story by Claire Miller
By 2044, more than half of all Americans are projected to belong to a minority group and by 2060, nearly one in five of the nation’s total population is projected to be foreign-born, according to a 2015 report from the U.S. Census Bureau.
These demographic estimates suggest Americans will be fluent in a variety of languages and educators will, in turn, need to be prepared for two different teaching scenarios: Working with a classroom of students who speak a variety of languages, and teaching students to speak – and learn subject-specific content – in more than one language.
Faculty and students in Georgia State University’s College of Education & Human Development (CEHD) have conducted research, developed degree programs and endorsements, and received grant funding for projects specifically designed to prepare teachers for those multilingual classrooms.
Teaching and Learning in Multiple Languages
In dual immersion classrooms, students spend half of their school day learning in a target language and the other half of the day learning in English.
During the 2017-2018 school year, there were 38 schools with dual immersion programs in the state of Georgia teaching in Spanish, French, German and Chinese, according to Cathy Amanti, clinical assistant professor in early childhood education. Early estimates suggest that number will increase to 53 in the 2018-2019 school year. In these programs, students spend half the day in one classroom and then move to a second classroom – and a different teacher – when it’s time to switch to the other language.
“The benefits of kids learning in another language are numerous,” Amanti explained. “Not only are they learning an additional language, but they’re learning content through two languages.”
There aren’t any full degree programs in Georgia solely focused on preparing teachers to work in dual language immersion classrooms, but CEHD faculty are working to change that.
In 2017, Georgia State became the first university in the state to offer a dual immersion early childhood education endorsement for students.
Teachers already certified in a foreign language and students working toward a foreign language teaching degree are eligible for the endorsement, which consists of five courses focused on culturally- and linguistically-diverse students in multilingual settings and field experiences in an elementary dual language classroom. In addition, students enrolled in the College of Education & Human Development’s master of education in elementary education program may choose a dual language concentration as part of their program.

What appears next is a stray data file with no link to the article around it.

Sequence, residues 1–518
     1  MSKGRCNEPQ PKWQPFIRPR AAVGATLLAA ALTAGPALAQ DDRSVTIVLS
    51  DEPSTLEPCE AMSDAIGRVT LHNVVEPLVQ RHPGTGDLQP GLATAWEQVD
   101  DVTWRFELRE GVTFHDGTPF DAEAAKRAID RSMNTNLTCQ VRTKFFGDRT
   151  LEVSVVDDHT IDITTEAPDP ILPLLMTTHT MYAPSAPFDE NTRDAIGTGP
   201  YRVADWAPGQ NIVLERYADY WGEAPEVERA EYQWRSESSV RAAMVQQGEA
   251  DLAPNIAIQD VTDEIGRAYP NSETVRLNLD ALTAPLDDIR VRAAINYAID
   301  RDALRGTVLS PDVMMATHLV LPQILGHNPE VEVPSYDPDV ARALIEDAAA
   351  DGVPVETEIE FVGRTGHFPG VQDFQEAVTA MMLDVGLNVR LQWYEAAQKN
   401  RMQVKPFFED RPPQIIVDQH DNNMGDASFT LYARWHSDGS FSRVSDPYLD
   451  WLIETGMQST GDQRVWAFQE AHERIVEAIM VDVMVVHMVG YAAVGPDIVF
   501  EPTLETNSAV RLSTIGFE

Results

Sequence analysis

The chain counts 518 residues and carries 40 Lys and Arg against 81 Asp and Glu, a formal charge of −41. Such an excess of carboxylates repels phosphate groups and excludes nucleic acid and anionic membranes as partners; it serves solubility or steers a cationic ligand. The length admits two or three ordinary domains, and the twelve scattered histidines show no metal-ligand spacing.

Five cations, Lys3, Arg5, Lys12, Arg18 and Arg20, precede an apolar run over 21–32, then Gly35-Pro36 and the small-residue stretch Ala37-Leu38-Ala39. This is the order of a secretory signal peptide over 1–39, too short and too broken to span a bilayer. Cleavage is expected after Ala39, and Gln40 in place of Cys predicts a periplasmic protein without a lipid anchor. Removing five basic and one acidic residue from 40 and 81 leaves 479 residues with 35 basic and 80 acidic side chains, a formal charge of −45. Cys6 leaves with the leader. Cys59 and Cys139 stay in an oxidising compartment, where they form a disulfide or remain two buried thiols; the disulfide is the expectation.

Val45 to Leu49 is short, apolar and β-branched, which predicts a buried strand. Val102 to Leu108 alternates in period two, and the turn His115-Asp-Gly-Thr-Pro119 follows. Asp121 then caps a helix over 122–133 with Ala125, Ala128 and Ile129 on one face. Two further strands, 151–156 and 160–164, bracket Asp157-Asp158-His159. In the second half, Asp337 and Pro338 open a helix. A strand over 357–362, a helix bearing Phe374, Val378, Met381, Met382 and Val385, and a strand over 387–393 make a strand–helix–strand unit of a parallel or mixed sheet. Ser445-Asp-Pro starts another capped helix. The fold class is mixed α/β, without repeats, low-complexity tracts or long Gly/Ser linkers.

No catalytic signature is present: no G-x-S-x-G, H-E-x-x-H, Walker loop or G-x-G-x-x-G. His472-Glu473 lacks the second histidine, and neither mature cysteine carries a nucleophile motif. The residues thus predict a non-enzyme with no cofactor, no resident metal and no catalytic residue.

“This is a great first step in addressing the urgency to fill positions in dual immersion schools in Georgia,” said Associate Professor Laura May. “What we’re trying to do is offer teachers some new ways of thinking that can help them teach in those settings.”
May serves as principal investigator on a federally-funded project that will lay the foundation for a teacher preparation program dedicated to dual language immersion. The Equipping Schools, Communities, and Universities for Excellence in Language Acquisition (ESCUELA) project is designed to recruit, develop and support teachers for those settings.
In the future, May and Amanti hope to expand dual language immersion teacher training beyond elementary-level teachers to include all K-12 educators. In the meantime, students in the CEHD’s elementary education teacher preparation programs can take coursework leading to an ESOL endorsement along with their other courses.
English to Speakers of Other Languages (ESOL)
In the college’s Department of Middle and Secondary Education, those who want to learn how to best teach students who speak other languages can earn a master of arts in teaching degree in English to Speakers of Other Languages (ESOL) or take classes to obtain an endorsement in ESOL.
Students enrolled in either the ESOL degree program or endorsement learn how languages are learned and developed, explore cultural issues that may arise in the classroom, and practice their teaching skills in refugee families’ homes in Clarkston, Ga. – a city east of Atlanta with a large refugee population – as part of their student teaching practicum.
“We take a strengths-based approach that builds on the cultural, linguistic and cognitive abilities children do have, rather than focusing on what they don’t have,” said Gertrude Tinker Sachs, Middle and Secondary Education department chair and coordinator of the ESOL endorsement. “We ask our teachers what they’re doing to consider children’s home languages and how they welcome other cultural traditions and ideologies in their teaching practices and classrooms.”
Anyone who has ever tried learning a new language knows there are stumbling blocks along the way – mispronouncing words, searching for the right words, worrying about being misunderstood – and Tinker Sachs suggests teachers remember how those mistakes can feel when they work with ESOL students every day.
“It’s important to talk about this because teachers are the lifelines for students who speak different languages,” she said.
This story originally ran in the Spring/Summer 2018 issue of Research & Innovation, the College of Education & Human Development’s biannual research publication.